this is a serious question,i am a bt broadband customer, and to try to speak to anyone about anything i find it "almost" imposable to understand what any one of them are saying ( except for the automated responce when they answer the call) my contract with bt ends in june and i cant wait to get rid of them for good, am i the only bt customer to have this problem ???,i cant believe so .( suggestions for an alternative would be welcome) i am consiering "sky" "virgin" and "talk talk" thanks for any responce
on the phone the other day, and had to ask him to repeat almost everything he said. He spoke with a broad Scottish accent, and was almost totally unintelligible.
Being British doesn't guarantee a good speaking voice, any more than being a foreigner makes you hard to understand. The most beautiful voice I ever hear is that belonging to the receptionist in the Paris office of a client of mine. She speaks English perfectly, and with such a lovely accent that I am tempted to invent conversations with her, just for the pleasure of listening.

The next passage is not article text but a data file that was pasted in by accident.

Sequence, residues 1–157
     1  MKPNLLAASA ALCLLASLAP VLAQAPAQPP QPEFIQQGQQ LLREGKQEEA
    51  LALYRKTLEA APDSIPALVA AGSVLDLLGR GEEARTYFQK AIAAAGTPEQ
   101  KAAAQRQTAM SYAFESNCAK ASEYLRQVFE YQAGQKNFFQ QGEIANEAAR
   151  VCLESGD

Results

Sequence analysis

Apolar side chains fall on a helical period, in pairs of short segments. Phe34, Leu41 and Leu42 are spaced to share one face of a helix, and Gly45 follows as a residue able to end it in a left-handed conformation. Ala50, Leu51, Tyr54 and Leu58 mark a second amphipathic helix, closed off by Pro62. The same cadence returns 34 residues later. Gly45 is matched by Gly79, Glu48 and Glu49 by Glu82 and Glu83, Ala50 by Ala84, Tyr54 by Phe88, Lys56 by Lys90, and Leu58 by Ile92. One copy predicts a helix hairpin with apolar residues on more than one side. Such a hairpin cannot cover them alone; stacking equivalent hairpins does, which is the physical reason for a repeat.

The same thing applied to an Air India Cabin crew member who recently looked after me - her command of the English language was streets ahead of many home-grown Londoners, and her accent sounded much nicer, too.
I wonder if people working in call centers abroad such as the B.T. one mentioned have as much difficulty understanding customers from the U.K. especially those with a very broad regional accent. I suspect it is no easier for them than it is for us.
For a start, all the budget ISPs have call centres in the sub-continent, it's one of the many ways they keep over-heads down.
Secondly, of course they employ British people, but I have almost daily contact with a British BT employee based in Oswestry, she has such a weird accent that I've given up trying to understand a word she says and do all work by email.
Thirdly, I have a feeling that many of the sub-continental customer service operatives would have made a better job of your post. Your subject heading is spelt wrong and the first person I should always be capitalised.